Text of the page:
Today, many groups think they must hold all doctrines in common in order to fellowship. (Often, anyone who believes differently than they do is concisdered to be "in error" and is therefore "Laodicean" or "unconverted"). But we have clear examples of a few doctrinal differences in the New Testament, and we never find congregations dividing over the issue.

In Acts 15, some brethren believed it was necessary to circumcise Gentiles after the manner of Moses in order for them to have salvation. We could compare this to some teaching today where people say it is necessary to keep Passover according to their standard in order to have salvation. These are not unimportant issues. Yet the people were meeting together in spite of their difference on circucision. Even years later there were people who did not accept this Jerusalem decision but were still meeting with the others (Tit 1:10).

The issue of whether or not to eat meat that had been offered to idols was also a "hot one" of the day. The people were very concerned about violating the second commandment. In Acts 15:29 they asked the Gentiles not to eat such meat, but in 1 Corinthians 8 Paul says idols are really nothing and it is all right as long as it does not offend others. There is no mention of separate meetings or not considering each other brethren. How many groups are separate today because they consider another group's symbols, practices or name for the Father or Son to be idolatrous? It may be that the Eternal would prefer that they change, but their error is in ignorance. We can still do what we know to be right and can still fellowship with them—we will be judged for our own actions, not for theirs.

Romans 14 covers a dispute over whether people should eat meat at all. This, again, is a big issue that would come up every time the congregation had a meal together. Some people obviously believed it was wrong to eat meat. Paul could have told them the truth of the matter and insisted that they have "unity" on this point, but he told them to respect each other's differences.

We do not even need to agree on use of money in order to meet together. Paul worked with the Corinthians even though he did not accept any money from them (1Cor 9:18, 2Cor 11:8).

We should not tolerate different doctrinal beliefs because truth is relative or because one idea is as good as another. We tolerate diverse doctrines because we know that we are not all at the same point in understanding and because it is important that "each be fully convinced in his own mind." For example: if we believe the scriptures indicate it is wrong for us to eat at a restaurant on the Sabbath when other arrangements are possible, knowing other Sabbath-keepers do it does not make it "right" for us to do.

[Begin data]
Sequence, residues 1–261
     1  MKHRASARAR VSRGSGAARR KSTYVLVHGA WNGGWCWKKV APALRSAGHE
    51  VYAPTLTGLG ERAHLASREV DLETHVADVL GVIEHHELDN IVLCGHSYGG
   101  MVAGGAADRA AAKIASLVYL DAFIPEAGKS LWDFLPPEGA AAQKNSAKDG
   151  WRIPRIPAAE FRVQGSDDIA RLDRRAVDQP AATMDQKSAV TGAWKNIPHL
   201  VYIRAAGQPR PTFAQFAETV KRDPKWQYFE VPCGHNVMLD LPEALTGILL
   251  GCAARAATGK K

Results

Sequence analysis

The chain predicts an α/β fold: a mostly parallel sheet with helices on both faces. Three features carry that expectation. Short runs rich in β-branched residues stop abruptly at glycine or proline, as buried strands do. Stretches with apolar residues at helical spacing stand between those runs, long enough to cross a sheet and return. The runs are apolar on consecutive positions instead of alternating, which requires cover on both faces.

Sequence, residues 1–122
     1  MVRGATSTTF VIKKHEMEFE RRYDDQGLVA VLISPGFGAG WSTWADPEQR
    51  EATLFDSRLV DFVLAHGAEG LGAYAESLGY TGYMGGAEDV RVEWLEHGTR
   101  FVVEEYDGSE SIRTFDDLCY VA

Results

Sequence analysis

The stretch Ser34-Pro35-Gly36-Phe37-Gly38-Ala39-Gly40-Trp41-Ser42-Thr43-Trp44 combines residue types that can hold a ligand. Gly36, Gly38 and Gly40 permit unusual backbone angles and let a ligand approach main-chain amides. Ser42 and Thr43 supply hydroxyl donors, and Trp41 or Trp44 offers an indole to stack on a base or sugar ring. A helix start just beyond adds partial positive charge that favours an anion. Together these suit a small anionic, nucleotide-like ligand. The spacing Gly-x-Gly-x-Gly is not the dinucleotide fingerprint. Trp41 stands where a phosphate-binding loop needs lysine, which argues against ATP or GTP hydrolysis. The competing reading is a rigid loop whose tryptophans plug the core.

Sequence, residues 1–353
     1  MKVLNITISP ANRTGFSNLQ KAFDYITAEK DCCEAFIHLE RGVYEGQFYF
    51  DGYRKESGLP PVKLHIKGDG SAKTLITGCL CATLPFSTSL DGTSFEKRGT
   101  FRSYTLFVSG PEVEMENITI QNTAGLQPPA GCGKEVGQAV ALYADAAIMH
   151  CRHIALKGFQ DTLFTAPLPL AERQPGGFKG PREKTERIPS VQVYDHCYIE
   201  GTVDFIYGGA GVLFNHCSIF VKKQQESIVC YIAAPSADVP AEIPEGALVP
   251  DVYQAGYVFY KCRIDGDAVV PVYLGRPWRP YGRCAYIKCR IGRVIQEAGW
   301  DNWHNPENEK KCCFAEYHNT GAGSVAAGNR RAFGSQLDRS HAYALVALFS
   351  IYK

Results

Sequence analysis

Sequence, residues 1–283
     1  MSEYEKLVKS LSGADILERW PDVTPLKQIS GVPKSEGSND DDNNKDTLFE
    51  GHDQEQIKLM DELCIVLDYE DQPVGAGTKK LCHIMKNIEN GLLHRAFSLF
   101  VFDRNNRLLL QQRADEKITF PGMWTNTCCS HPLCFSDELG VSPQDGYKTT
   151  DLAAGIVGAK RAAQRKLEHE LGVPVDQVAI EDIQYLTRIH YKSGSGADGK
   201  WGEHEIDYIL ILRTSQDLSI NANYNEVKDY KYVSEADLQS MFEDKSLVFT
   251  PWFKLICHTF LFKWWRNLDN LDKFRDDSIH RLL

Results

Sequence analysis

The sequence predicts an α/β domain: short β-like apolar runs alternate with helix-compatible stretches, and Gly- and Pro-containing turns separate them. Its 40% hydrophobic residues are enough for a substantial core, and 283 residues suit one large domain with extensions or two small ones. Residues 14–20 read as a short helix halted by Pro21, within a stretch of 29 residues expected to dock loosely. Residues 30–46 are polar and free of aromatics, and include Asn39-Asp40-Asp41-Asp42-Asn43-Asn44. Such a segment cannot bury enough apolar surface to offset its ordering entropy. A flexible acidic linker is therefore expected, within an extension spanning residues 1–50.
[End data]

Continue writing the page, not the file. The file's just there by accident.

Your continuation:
The advantage of tolerating a diversity of doctrines is that it increases the number of people with which to fellowship and congregations can be more local. If there are 200 Sabbath-keepers in a small state, but they are divided up into 20 groups, there will be only about 10 members in each group and brethren will have to drive all over the state for services each Sabbath. If there were only two groups, each group could have four different meeting places in the state and there would still be about 25 people in each group. Sabbath driving time would be greatly reduced and a much better nucleus of spiritual gifts would be available in each group.

If you feel you must separate, it should not be because "we believe this and they believe that.," You should be able to state some tangible, practical benefit of separation. As an example, supposing there are a group of believers in an area, but half of them speak English and half of them speak Spanish and their translator has moved away and the Eternal has not granted them the gift of tongues. Splitting the group will allow everyone to understand all of each service, rather than requiring people to sit through talking that they do not understand. It will be a much better environment in which to invite new people. They will be able to understand all of the service, too.


We should be joyful to live in a time when others do not try to force their religion on us—it may not always be this way. We need to be on guard, however, for those who might try to trick us into accepting beliefs not based on the Scripture. Obviously, we should not use forceful or deceitful methods ourselves. We need to "work while it is day" (John 9:4). There are so many people who need to be reached with the basic message of the Bible that we must not let ourselves be consumed with divisions over complex doctrines. We should tolerate other's doctrines so we can work together and learn from each other, not so we can be personally lax or unfaithful to our understanding of the Scripture. If we must separate from other brethren, it should be for the benefit of all involved, not to grab power for a few. These decisions require wisdom.

If any of you lacks wisdom, let him ask of God, who gives to all liberally and without reproach, and it will be given to him.... But the wisdom that is from above is first pure, then peaceable, gentle, willing to yield, full of mercy and good fruits, without partiality and without hypocrisy (Jms 1:5, 3:17).

—Norman S. Edwards